Charlotte Maxeke Academic Hospital reopens casualty unit after year-long closure

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After a year-long closure due to a fire that destroyed parts of the hospital, the Charlotte Maxeke Johannesburg Academic Hospital has finally reopened its casualty unit. While these units have reopened, there will be no walk-ins for the time being due to limited resources.

Health Minister Dr Joe Phaahla and senior health officials visited the hospital to check on the progress made in repairing the facility.

The hospital was gutted in April last year, with over 700 patients evacuated and forcing the closure of its critical units. A year later, the units have finally re-opened, but only transfers of patients from neighbouring facilities will be allowed as ambulance services are not functional.

The Health Minister says this is due to the unavailability of the CT scan, which was vandalised.

“Because some parts of the parts had to be imported, that has taken some time. Some of the components only arrived in the country this morning so they are busy now working on that CT scan coz it also has to be calibrated because these are sophisticated machines because most of the time you do need a CT scan with patients who have not been processed anywhere else.”

VIDEO: Heath minister to conduct a site visit at Charlotte Maxeke

So far, 15 mental health patients have already been transferred to the facility. Phaahla says most equipment and machines have been installed and the process of transferring more serious patients will commence.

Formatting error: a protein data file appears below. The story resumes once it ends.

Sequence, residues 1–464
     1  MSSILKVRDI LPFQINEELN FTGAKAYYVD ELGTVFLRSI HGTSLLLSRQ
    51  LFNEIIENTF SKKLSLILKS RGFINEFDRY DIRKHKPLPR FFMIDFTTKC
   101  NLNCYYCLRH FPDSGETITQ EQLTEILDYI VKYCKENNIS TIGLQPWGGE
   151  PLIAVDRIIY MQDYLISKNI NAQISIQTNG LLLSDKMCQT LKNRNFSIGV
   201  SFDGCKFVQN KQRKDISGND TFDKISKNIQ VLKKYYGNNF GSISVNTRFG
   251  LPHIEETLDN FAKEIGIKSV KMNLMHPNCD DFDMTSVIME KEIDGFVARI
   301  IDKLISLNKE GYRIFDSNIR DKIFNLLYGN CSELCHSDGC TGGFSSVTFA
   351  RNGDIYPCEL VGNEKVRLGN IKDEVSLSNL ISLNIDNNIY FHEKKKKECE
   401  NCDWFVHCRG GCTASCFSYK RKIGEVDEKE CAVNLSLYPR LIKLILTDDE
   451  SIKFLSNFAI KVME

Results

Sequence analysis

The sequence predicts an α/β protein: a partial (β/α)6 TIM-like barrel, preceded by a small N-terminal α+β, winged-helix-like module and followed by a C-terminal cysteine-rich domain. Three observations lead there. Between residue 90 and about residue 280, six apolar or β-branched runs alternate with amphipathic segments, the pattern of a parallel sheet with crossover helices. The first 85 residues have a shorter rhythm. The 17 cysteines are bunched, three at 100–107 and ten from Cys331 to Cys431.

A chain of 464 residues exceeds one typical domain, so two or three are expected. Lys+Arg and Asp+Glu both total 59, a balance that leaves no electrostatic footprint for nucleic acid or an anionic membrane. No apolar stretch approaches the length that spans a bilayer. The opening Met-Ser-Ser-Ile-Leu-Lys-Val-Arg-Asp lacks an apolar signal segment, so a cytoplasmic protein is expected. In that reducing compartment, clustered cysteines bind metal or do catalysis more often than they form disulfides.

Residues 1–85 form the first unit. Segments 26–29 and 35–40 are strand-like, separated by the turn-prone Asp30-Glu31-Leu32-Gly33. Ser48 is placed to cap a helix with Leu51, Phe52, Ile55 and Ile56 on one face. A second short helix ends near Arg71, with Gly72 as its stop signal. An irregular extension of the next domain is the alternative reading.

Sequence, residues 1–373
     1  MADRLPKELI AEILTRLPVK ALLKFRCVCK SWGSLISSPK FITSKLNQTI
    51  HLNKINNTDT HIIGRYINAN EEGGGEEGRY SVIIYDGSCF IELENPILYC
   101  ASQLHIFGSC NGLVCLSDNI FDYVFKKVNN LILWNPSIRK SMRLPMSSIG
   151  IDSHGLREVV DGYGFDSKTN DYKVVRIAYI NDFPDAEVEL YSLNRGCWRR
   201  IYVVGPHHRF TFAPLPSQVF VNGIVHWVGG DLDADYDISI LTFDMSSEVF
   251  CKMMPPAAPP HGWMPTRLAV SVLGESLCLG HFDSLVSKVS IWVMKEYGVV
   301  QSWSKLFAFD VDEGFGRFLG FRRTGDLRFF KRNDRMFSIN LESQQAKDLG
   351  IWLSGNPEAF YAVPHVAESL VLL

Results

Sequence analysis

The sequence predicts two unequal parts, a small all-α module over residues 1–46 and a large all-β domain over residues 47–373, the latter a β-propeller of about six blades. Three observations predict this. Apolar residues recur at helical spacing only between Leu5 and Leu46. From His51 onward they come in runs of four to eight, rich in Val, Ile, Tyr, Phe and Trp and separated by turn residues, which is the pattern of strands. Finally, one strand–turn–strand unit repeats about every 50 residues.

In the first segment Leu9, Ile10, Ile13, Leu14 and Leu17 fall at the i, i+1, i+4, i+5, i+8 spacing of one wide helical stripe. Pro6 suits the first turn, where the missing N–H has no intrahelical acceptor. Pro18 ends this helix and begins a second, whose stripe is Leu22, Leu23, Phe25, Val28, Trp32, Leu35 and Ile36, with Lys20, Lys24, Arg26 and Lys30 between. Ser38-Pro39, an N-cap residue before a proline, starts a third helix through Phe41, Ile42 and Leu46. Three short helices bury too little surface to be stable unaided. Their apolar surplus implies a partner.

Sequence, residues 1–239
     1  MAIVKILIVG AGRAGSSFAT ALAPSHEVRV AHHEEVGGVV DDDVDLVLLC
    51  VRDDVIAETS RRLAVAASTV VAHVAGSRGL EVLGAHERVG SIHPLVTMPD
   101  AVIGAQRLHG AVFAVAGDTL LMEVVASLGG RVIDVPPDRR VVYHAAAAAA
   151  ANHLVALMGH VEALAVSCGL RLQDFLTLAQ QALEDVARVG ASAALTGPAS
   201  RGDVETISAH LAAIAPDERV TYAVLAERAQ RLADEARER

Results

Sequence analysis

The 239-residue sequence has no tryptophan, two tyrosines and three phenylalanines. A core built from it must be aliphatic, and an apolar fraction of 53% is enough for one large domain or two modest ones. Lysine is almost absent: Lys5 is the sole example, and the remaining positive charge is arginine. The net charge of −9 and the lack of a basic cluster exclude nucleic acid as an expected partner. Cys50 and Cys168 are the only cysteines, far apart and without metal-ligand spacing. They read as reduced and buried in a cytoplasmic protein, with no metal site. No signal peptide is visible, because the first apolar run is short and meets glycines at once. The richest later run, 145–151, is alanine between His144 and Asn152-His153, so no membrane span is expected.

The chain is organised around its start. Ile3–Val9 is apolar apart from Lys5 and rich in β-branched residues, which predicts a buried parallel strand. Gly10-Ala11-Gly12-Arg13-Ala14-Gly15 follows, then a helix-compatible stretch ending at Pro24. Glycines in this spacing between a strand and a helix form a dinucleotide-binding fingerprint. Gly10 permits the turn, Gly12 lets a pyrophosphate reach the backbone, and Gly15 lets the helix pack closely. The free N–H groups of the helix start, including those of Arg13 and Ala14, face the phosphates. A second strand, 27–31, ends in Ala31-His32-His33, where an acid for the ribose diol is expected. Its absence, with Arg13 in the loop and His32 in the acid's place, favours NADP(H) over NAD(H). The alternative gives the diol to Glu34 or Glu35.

“Because this is a central and important level of service, and also as an academic hospital. Its focus is really in terms of priority 1 and 2 patients so it’s meant to look after very complicated patients, many referrals.”

While the report on the cause of the fire is still pending, the hospital says it has now installed technology which will allow more time to evacuate patients. There are reports that the hospital did not meet fire regulations.

The hospital’s Professor Steve Moeng says, “There is a system that has been inserted with the ability to pinpoint exactly where the fire is. So you just don’t go to a ward, you go into a specific area in the ward where you need to go and check where issues are and where the fault is. That detection system is done in a way that is centrally connected so we will know even before anybody else there is a fire, the alarm system will be significantly improved.”

The hospital has also bolstered its security following reports of theft and vandalism. Hospital CEO, Gladys Bogoshi says, “Now we are compartmentalising the CCTV cameras to be able to focus on certain areas but also areas of high risk which we are being assisted in terms of which are these high-risk areas.”

The hospital says its also bolstering its staff complement which is currently at 5 550 with 643 vacancies expected to be filled soon. Refurbishments are expected to be completed within a year and seven months.